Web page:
I'm trying to find a way to count the total number of lines in all of the source files of a project I have. I've tried piping dir -r -name into measure-object -line, but that just counts the number of files I have.

Does anyone have a script to do this?

Get-ChildItem -Filter "*.cs" -Recurse | Get-Content | Measure-Object -line
  • Get-ChildItem *.cs -Recurse will recurse the directory, but (in powershell 1.0 at least) will only show the files ending with .cs in the current directory. – Dan Monego Feb 24 '09 at 15:18
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    Thanks! Yes, because in this case, .cs matches 'path', rather than 'filter' parameter. To fix, you can write: Get-ChildItem . *.cs -Recurse … or Get-ChildItem -Filter ".cs" -Recurse … – Alex Feb 28 '09 at 6:57

Thanks to everyone who answered. The way I ended up implementing this was

dir . -filter "*.cs" -Recurse -name | foreach{(GC $_).Count} | measure-object -sum

GC is alias for Get-Content
dir is alias for Get-ChildItem

  • D'oh. And I was being so careful too. Mine works if the '-filter' is changed to '-include'. I can't say I understand why filter doesn't work. – dan-gph Mar 5 '09 at 16:39
  • The problem with both mine and yours was fixed with the -name parameter to the first statement - only the filename and not the path were being passed to GC. I have no idea how I ended up posting that after creating a working version earlier. – Dan Monego Mar 5 '09 at 20:57
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    I was going to say, "copy-and-paste is your friend", but I would look like a fool if I said that now :) – dan-gph Mar 5 '09 at 22:56
  • FYI: with (GC $_).Count we get a sum including empty lines, with mesaure-object -line (see Ugot2BkidNme below) we get a sum excluding empty lines. – arberg Jan 25 '20 at 14:33

I just expiremented a bit and found that this command does indeed measure all c# files recursively:

Get-ChildItem -Filter *.cs -Recurse | Get-Content | Measure-Object -Word -Line -Character

  • Since VS2019 crashes on the code analysis: Thank you very much – user3772108 May 21 '19 at 12:18
  • For polyglots, you can use Get-ChildItem -Include "*.kt,*.java" ... (or, as I just did and am kind've embarrased to admit, -Include *.f90,*.cpp). not sure what the difference betwen -Include and -Filter on Get-ChildItem is. – Groostav May 12 '20 at 21:47
Get-ChildItem . -Include *.txt -Recurse | foreach {(Get-Content $_).Count}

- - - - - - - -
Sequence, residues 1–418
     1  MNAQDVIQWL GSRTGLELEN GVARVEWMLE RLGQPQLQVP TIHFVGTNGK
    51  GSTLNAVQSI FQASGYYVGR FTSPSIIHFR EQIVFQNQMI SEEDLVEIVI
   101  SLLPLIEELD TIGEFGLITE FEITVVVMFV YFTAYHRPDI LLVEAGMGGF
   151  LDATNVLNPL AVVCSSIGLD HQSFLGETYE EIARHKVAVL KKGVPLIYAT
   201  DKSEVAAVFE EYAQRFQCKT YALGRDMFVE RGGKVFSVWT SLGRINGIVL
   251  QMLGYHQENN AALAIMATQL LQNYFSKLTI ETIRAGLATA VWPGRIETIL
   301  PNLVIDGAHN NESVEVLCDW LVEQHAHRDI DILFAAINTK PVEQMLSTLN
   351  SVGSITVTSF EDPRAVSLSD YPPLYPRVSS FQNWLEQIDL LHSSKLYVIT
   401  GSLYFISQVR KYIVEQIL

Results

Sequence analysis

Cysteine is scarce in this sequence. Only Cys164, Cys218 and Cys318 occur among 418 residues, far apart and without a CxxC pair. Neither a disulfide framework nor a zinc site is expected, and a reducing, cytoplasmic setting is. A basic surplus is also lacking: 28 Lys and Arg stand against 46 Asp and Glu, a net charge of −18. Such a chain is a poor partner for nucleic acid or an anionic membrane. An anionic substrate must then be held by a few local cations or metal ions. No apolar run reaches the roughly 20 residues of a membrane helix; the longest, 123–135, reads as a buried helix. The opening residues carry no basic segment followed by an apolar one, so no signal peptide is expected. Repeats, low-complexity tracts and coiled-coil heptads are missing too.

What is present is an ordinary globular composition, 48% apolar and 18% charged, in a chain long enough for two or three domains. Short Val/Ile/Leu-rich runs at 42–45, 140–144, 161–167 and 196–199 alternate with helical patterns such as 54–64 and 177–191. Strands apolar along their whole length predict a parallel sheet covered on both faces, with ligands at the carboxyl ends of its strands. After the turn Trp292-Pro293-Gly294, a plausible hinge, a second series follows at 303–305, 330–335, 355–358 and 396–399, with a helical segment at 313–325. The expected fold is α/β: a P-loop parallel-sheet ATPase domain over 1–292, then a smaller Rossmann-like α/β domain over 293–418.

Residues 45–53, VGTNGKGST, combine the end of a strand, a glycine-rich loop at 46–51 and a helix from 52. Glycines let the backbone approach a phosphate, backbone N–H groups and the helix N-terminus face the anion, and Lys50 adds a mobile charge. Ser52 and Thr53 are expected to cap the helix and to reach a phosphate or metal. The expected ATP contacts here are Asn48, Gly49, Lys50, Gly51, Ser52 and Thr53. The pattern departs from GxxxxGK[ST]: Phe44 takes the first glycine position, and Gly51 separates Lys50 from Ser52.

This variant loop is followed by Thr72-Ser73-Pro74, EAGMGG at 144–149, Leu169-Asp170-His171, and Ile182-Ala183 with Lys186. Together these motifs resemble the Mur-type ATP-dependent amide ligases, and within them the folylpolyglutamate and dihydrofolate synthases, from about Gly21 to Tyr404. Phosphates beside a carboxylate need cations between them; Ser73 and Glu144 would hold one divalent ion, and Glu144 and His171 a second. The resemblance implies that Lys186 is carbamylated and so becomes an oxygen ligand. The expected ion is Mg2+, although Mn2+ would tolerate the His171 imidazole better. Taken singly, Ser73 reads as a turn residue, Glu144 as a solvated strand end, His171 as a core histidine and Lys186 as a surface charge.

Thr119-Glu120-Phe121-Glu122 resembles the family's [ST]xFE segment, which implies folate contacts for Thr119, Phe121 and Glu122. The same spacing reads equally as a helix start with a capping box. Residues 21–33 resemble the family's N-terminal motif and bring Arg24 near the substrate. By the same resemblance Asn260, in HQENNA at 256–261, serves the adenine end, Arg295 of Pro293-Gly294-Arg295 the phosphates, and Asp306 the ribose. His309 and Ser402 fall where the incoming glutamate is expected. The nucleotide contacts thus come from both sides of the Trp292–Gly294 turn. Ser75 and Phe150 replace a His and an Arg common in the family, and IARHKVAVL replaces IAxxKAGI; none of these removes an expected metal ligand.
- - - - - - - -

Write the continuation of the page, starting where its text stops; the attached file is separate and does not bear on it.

Condensed down a bit with aliases:

GCI . -Include *.txt -Recurse | foreach{(GC $_).Count}

Will give results similar to this:

Lines Words               Characters              Property
----- -----               ----------              --------

EDIT: Modified to recurse through subfolders.

EDIT 2: Removed use of Measure-Object.


dir **.txt -recurse | select Fullname,@{name="LineCount";expression={ @(get-content $_.fullname).count }}

  • This command isn't working for me. I get several "Select-Object : Cannot bind argument to parameter 'Path' because it is null." errors. – aphoria Feb 18 '09 at 16:14
  • I'm voting you up because I didn't know about the select command, and I'm kind of stoked about it. Still, though - you used $__ instead of $_, you used dir *.txt instead of dir -filter "*.txt", and your result still makes me add everything up when I'm done. – Dan Monego Feb 18 '09 at 16:20
  • Sorry for that Dan, the editor didn't show $_ so I doubled it, thanks for voting! – Shay Levy Feb 19 '09 at 11:55

Prints the file name and the line count:

Get-ChildItem -re -in "*.cs" |
Foreach-Object { 
    $fileStats = Get-Content $_.FullName | Measure-Object -line
    $linesInFile = $fileStats.Lines
    Write-Host "$_=$linesInFile" 

Since I needed something similar this is what I came up with.

one file type: GET-ChildItem -Recurse -Filter '*.cs' | Get-Content | Measure-Object -line

multiple file types: GET-ChildItem -Recurse -Include '.cs','.aspx', '*.ascx' | Get-Content | Measure-Object -line


Count No. of lines in a file inside a directory:

GCI . -Include *.* -Recurse | foreach{(GC $_).Count}

Count SUM of lines in a file inside a directory:

GCI . -Include *.* -Recurse | foreach{(GC $_).Count} | measure-object -sum

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